“Beyond our grasp, He chose to come within our grasp. Existing before time began, He began to exist at a moment in time.” ~ Saint Leo the Great
Today our Church celebrates the Memorial of Saint Leo the Great, a man with two very impressive “firsts” on his heavenly resume. Saint Leo is the first Pope to garner the title of The Great ~ there are but only three others https://discover.hubpages.com/religion-philosophy/Charms-of-Sweetness-Contests-of-Temptation-and-Fullness-of-Perfection ~ while also becoming the 1st Pope to be named a Doctor of the Church.
A sublime evangelist and prolific writer, his most famous work, commonly known as the Tome of St. Leo (449) was the basis of the Council of Chalcedon's dogmatic definition of Christ as one Divine Person possessing two complete natures, human and divine. Many of his homilies can still be found on line, and in fact it was his storied Christmas Homily, believed to have been penned and delivered in the early stages of his 19 year Papacy (441-460), that served as the focal point for my Christmas Day Reflection last year https://discover.hubpages.com/religion-philosophy/Saved-Through-the-Bath-of-Rebirth . Saint Leo the Great is the Patron Saint of Popes and Confessors.
When asked to comment on the “greatness” of Saint Leo, his fellow former Vicar of Christ Pope Emeritus Benedict XVI stated “Through dialog, Leo the Great was able to convince Attila, the Prince of Huns, to spare Rome. Without weapons, without military or political power, through the power of his conviction for his faith, he was able to convince the feared tyrant to spare Rome. In the struggle between the spirit and power, the spirit proved stronger.”
Saint Leo the Great’s stronger spirit calls to mind a similar tale involving another storied member of the Papal Fraternity, Pope Pius VII, who also gave Europe an example of courageous nobility in the face of trial and tribulation. Pius VII went toe-to-toe with Napoleon and emerged victorious. Strong-armed into being present at Napoleon’s coronation as emperor, Pius VII refused to crown Bonaparte, reducing Napoleon to rather awkwardly crown himself, a disastrous optic for an alleged royal. Napoleon would in turn force Pius VII into exile, but that did not stop the Holy Father from protecting Napoleon’s family from harm when they too were ultimately exiled.
How providential it is then that we would read from the Book of Wisdom (6:1-11) on this the day we memorialize Saint Leo, a pastor, teacher, and administrator, as we delve into the topic of power and authority. All authority comes from God, measured out meticulously and given generously to each of us in accordance with His divine will so that we can participate in God’s governance of life. Authority brings order. Without order we swim in chaos, order’s petulant and perpetually distracted stepbrother. But authority must be administered with holiness, which, coincidentally enough, was a topic of reflection yesterday https://hubpages.com/religion-philosophy/The-Temple-Of-His-Body.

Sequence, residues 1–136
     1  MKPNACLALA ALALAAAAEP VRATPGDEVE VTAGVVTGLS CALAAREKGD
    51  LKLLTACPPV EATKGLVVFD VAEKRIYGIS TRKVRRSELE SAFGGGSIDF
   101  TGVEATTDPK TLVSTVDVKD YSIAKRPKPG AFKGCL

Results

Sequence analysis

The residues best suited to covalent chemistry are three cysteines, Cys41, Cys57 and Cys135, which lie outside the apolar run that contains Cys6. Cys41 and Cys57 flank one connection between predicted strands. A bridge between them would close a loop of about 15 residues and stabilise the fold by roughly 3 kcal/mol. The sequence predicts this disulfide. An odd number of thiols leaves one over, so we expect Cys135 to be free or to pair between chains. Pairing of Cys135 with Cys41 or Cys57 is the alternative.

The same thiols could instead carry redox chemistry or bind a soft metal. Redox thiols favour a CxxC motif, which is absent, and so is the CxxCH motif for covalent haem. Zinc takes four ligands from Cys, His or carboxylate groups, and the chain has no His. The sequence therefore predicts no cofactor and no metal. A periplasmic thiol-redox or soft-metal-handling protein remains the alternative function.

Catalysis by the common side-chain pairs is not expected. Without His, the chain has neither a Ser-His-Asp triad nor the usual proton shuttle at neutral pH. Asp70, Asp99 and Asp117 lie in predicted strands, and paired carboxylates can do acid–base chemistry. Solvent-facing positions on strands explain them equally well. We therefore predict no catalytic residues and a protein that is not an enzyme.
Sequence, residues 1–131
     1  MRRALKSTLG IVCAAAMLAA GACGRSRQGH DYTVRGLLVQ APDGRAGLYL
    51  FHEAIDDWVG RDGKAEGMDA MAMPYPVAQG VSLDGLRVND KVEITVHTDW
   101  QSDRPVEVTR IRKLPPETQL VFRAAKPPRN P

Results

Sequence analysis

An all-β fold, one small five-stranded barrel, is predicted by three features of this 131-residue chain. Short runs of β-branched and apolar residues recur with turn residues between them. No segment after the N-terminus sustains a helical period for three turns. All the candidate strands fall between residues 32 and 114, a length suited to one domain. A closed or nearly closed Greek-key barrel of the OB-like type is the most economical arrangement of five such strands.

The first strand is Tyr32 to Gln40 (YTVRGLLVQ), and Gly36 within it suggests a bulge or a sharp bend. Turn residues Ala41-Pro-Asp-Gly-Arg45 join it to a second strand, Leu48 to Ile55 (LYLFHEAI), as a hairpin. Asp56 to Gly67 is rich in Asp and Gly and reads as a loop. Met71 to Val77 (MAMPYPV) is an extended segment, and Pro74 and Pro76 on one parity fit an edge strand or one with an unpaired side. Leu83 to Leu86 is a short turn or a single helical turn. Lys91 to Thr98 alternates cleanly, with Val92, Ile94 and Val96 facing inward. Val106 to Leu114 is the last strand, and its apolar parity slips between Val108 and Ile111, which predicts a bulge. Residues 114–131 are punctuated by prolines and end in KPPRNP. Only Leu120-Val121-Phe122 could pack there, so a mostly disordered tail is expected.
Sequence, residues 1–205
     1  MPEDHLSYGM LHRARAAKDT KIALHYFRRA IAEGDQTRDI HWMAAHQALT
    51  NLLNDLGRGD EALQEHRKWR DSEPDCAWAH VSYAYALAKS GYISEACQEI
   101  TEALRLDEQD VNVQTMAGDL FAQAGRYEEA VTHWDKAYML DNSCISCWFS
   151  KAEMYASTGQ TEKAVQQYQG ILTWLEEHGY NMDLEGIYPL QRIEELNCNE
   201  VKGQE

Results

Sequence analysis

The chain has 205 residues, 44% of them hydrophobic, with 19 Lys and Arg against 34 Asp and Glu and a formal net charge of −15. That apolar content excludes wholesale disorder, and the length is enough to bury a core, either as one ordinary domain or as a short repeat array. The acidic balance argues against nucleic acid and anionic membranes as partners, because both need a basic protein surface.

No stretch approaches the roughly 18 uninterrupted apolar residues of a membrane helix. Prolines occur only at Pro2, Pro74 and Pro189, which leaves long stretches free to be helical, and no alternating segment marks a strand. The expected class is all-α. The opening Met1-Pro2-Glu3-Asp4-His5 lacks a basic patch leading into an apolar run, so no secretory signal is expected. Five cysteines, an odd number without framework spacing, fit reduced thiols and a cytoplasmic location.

Whatever we have, whatever we are, whatever we shall be, it all originates from God. Scripture tells us that to whom much is given, much is required (Luke 12:48). Not “expected,” as I often say when misquoting this seminal passage, but required. Our author today in the Book of Wisdom doubles down on this edict when he states in rather point-blank fashion that “judgment is stern for the exalted.” (Wisdom 6:5). Our Holy Father Pope Francis, the previously aforementioned Pope Emeritus Benedict XVI, our bishops, priests, and religious all need our constant prayers. Needless to say our secular leaders need them as well. Some need them desperately.
I’d like to close with a plea to all of you to pray for our Holy Father Pope Francis. I encourage you for that matter to make it part of your daily prayer routine. The prayers of the flock that he loves and serves are powerful.
“Dear Jesus, our eternal Priest and Shepherd, before ascending into heaven You entrusted the care of Your sheep to Peter to tend and feed them. Send the Holy Spirit to our holy father the Pope. Enlighten his mind, enflame his heart and strengthen his will so that he may lead us in the fulfillment of your holy will. Console him in his trials, assist him in his labors, and make him a Saint.” ~ Amen